So here’s one thing I’ve started doing since reading the book. When I give my 5-year-old son his dessert, it’s in the form of Hershey Drops, which are kind of like fat M&M’s. I give him 15 and I ask him to count them to make sure I got it right. Sometimes I give him 14 to make sure he’s paying attention. But that’s not the new part. The new part is something I stole from Jordan’s book.
The new part is that some days I ask him, “do you want me to give you 3 rows of 5 drops?” And I wait for him to figure out that’s enough and say “yes!” And the other days I ask him “do you want me to give you 5 rows of 3 drops?” and I again wait. And in either case I put the drops out in a rectangle.
And last night, for the first time, he explained to me in a slightly patronizing voice that it doesn’t matter which way I do it because it ends up being the same, because of the rectangle formation and how you look at it. And just to check I asked him which would be more, 10 rows of 7 drops or 7 rows of 10 drops, and he told me, “duh, it would be the same because it couldn’t be any different.”
And that, my friends, is how not to be wrong.
Today’s post is an email interview with Fawn Nguyen, who teaches math at Mesa Union Junior High in southern California. Fawn is on the leadership team for UCSB Mathematics Project that provides professional development for teachers in the Tri-County area. She is a co-founder of the Thousand Oaks Math Teachers’ Circle. In an effort to share and learn from other math teachers, Fawn blogs at Finding Ways to Nguyen Students Over. She also started VisualPatterns.org to help students develop algebraic thinking, and more recently, she shares her students’ daily math talks to promote number sense. When Fawn is not teaching or writing, she is reading posts on mathblogging.org as one of the editors. She sleeps occasionally and dreams of becoming an architect when all this is done.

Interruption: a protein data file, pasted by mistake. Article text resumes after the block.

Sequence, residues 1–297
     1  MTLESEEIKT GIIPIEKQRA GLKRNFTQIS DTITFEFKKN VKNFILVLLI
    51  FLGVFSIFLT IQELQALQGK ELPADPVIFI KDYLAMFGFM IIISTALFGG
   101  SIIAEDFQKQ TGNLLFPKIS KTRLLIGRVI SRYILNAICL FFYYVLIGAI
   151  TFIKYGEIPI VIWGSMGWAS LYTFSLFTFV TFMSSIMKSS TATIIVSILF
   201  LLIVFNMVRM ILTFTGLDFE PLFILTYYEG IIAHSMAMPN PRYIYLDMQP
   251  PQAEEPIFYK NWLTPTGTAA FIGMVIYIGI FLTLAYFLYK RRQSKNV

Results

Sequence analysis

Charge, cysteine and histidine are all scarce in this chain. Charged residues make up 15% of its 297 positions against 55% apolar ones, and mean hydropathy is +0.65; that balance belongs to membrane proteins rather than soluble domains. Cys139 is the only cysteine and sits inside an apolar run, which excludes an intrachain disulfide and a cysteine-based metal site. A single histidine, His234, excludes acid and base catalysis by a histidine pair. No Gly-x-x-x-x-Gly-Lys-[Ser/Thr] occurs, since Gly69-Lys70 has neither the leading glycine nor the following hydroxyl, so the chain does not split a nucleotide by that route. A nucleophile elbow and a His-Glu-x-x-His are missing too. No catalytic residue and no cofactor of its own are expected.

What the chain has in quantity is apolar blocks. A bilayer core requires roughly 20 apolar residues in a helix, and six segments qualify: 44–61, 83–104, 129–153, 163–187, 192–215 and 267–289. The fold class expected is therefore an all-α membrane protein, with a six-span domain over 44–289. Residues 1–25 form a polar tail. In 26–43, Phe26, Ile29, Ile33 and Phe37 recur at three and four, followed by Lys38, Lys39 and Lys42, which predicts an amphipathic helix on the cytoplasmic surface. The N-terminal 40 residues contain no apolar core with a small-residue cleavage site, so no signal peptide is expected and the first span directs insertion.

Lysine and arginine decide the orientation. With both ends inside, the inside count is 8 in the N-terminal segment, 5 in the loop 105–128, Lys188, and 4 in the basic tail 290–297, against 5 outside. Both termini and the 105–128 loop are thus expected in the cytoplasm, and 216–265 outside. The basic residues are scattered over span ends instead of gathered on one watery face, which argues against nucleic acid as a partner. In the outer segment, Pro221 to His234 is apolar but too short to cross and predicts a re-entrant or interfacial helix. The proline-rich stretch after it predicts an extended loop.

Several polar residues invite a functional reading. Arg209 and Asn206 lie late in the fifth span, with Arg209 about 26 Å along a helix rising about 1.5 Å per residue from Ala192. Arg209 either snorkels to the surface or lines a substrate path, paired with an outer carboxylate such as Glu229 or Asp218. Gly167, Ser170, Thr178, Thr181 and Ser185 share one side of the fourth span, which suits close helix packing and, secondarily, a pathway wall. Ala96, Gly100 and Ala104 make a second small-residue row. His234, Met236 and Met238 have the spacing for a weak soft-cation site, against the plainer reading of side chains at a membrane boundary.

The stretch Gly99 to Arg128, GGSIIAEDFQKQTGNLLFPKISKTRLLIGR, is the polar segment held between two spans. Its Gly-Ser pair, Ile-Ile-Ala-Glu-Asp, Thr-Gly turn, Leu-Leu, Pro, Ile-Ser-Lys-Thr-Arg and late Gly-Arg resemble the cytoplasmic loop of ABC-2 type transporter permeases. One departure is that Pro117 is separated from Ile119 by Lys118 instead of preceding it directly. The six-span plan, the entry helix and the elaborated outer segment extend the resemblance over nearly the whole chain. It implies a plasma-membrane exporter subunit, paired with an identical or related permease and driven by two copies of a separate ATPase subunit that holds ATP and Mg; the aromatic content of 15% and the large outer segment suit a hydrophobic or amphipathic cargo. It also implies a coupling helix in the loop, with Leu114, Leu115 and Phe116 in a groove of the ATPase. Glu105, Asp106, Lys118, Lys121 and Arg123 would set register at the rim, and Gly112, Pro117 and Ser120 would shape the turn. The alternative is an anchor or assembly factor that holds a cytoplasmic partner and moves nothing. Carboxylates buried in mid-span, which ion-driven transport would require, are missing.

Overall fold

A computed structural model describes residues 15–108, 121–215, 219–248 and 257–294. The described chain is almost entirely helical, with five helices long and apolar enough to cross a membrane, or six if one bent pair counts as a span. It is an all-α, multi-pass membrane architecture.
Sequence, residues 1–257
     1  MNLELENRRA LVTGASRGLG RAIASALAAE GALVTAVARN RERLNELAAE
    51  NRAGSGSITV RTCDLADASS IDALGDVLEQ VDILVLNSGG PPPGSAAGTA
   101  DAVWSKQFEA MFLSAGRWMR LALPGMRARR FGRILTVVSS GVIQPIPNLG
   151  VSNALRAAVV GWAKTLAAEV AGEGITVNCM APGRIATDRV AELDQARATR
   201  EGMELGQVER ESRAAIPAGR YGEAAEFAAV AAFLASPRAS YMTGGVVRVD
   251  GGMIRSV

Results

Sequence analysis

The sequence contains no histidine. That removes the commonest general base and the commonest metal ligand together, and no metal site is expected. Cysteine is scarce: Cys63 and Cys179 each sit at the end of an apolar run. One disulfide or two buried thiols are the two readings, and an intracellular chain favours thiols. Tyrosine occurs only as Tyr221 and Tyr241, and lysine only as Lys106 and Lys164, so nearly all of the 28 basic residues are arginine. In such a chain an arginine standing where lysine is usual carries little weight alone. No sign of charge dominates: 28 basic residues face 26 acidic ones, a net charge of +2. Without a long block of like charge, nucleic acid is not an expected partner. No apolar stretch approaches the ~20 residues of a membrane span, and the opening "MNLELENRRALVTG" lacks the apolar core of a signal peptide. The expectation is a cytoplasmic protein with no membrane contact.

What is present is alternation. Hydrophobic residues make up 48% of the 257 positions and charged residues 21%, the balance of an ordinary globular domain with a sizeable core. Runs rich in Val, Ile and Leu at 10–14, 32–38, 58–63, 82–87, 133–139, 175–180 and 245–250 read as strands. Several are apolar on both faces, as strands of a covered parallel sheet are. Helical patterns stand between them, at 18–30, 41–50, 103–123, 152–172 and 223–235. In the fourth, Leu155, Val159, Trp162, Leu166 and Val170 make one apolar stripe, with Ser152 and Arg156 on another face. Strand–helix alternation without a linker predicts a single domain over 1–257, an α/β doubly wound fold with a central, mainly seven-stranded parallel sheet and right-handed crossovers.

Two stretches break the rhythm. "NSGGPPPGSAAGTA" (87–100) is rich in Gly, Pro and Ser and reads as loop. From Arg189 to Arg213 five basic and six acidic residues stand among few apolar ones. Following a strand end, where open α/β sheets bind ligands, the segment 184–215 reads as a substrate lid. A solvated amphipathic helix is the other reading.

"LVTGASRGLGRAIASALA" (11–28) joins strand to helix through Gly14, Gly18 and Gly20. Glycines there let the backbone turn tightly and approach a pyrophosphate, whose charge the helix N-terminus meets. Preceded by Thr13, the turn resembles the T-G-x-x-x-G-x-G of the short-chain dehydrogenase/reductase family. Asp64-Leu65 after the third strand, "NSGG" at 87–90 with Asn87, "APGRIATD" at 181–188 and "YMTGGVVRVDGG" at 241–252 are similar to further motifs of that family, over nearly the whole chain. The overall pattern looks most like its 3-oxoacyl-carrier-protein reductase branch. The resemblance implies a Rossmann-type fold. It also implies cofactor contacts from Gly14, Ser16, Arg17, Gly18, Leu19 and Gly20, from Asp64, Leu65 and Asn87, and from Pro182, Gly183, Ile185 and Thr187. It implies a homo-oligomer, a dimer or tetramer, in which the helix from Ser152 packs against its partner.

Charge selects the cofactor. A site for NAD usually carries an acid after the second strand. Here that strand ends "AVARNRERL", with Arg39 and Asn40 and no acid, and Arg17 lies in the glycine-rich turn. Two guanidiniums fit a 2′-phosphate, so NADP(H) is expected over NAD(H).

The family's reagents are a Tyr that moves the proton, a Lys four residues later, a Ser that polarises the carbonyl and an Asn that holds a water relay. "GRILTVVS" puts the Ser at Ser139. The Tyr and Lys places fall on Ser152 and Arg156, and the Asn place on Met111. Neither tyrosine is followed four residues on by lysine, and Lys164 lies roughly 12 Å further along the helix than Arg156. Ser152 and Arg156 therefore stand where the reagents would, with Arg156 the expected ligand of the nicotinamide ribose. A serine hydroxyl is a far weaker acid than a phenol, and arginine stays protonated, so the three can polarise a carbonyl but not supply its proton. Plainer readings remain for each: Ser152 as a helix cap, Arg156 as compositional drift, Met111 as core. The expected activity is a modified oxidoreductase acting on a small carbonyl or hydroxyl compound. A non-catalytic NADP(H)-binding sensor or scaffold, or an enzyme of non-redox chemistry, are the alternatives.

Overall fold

Importantly for the below interview, Fawn is not being measured via a value-added model. My questions are italicized.
I’ve been studying the rhetoric around the mathematics Common Core State Standard (CCSS). So far I’ve listened to Diane Ravitch stuff, I’ve interviewed Bill McCallum, the lead writer of the math CCSS, and I’ve also interviewed Kiri Soares, a New York City high school principal. They have very different views. Interestingly, McCallum distinguished three things: standards, curriculum, and testing.